Denmark Travel Guide
Started as this quirky, little-known, and even lesser understood cold country stretching its land between mainland Europe and the rest of the Scandinavia, Denmark has walked a long way to become the renowned tourist destination it is today. However, do not get fooled by the fact that the northern country attracts a lot of tourists nowadays because Denmark has definitely found a way to continue be the authentic, charming, and very quirky land perfectly developed agriculture, technological innovation, and all the unique landscapes and mythology in between.
Nowadays, Denmark is like a magnet for all sorts of tourists across the world, especially for foodies because it is home to not just one Michelin-starred restaurant. Food-wise, Denmark is a very thrilling and exciting place to visit. In fact, it will be almost impossible to find better butter, bacon, and beer than these served in the country. If this is not enough to satisfy your appetite for delicious and high-quality food do not miss to try the amazing cheeses and pastries too. But don’t expect the health-conscious people of Denmark to sit around all day feasting because, despite the delicious and fresh food, they will hop on their bikes and continue with their day.
The focus on green energy is something very big in this country with a developed economy and perfectly organised daily life. In fact, the eco-conscious way of living is so big right here that it has significantly influenced the culture in general, this is why you can expect to see it in architecture through impeccable and unique designs. The musical offerings (mainly jazz) at every corner add even more to the overall unique vibe of the country and its bigger cities. Do you need even more reasons to visit Denmark? Then what about the perfect infrastructure and ideal public transport? This is very important for tourists too!
What Danes are proud about is that they manage to preserve and respect their identity. Of course, people of Denmark are a part of this big melting pot of cultures and ethnicities the world is, however, they pride themselves with a unique and distinctive culture and national identity. The royal family of Denmark is somewhere in between an ancient fairytale and modern rock stars, cherished and loved by the nation. The Danish rejection of the euro and the reluctance to fully integrate with the EU is one more example that Danes can play as team members but they also would like to preserve their identity, uniqueness, and individualism. Denmark may be this small and rural European country at first but just take your time to consider its past of a leading European power once controlling the majority of northern Europe and Greenland, its former colony. In a nutshell, Denmark has definitely long punched above its weight.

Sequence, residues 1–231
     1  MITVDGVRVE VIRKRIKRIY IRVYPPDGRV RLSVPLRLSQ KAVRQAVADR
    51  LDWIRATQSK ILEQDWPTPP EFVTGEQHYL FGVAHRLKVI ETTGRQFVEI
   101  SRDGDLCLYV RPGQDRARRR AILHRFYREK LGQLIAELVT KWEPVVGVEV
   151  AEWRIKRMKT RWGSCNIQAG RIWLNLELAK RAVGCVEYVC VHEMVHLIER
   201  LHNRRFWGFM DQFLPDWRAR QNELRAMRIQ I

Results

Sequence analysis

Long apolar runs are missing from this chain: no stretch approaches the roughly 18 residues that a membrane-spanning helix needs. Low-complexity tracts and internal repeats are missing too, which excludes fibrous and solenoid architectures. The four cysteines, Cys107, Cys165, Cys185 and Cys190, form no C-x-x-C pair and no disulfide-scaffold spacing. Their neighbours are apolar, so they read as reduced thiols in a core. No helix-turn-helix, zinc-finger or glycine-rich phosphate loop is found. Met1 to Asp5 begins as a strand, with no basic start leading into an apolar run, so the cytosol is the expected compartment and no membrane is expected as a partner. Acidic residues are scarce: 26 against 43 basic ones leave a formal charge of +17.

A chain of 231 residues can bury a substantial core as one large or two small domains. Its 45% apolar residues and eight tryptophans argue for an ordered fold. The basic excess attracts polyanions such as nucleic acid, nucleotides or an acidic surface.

In a geographical context, the country is divided into three main landmasses – the islands of Zealand and Funen and the peninsula Jutland extending northwards from neighbouring Germany. The majority of the visitors end up visiting Zealand because the country’s capital Copenhagen is located there. Copenhagen is definitely a rewarding experience. The big city lacks the hassle and stress of many other cosmopolitan spots dotted on the world’s map. This exciting city with a beautiful and organised old city centre, a spectacular array of museums, and a thriving nightlife is definitely a must-visit when heading to Denmark. Funen is mainly known for one particular spot and this is the birthplace of the author Hans Christian Andersen Odense. However, there is more to explore in Funen with all its tranquil and enjoyable beaches and small atmospheric villages. Jutland is where two of the most interesting Danish cities are located – Arhus and Aalborg. The lonely magical beaches, the gentle hills, and heathland are additional little joys to visit when in Jutland.
When to go?
In case you fancy some Scandinavian vibe, you will be pleasantly surprised to find out that out of the whole Scandinavian region, Denmark has the mildest and least extreme climate. Temperatures vary little across the country, however, the closer you get to the sea, the more freezing wind you can expect. In particular, the stiff breezes along Jutland’s west coast are not for the people fans of the African climate. However, a warm coat and a scarf can always save you from freezing out while exploring this beautiful part of the world. Rainfall levels are the other constant element of the Danish climate throughout the year. However, the west tends to be a bit more wetter than the east. Spring in Denmark brings some bright days and clear skies, however, the best time to visit the country is in summer when the climate in the country is at its warmest and the landscape is at its prettiest.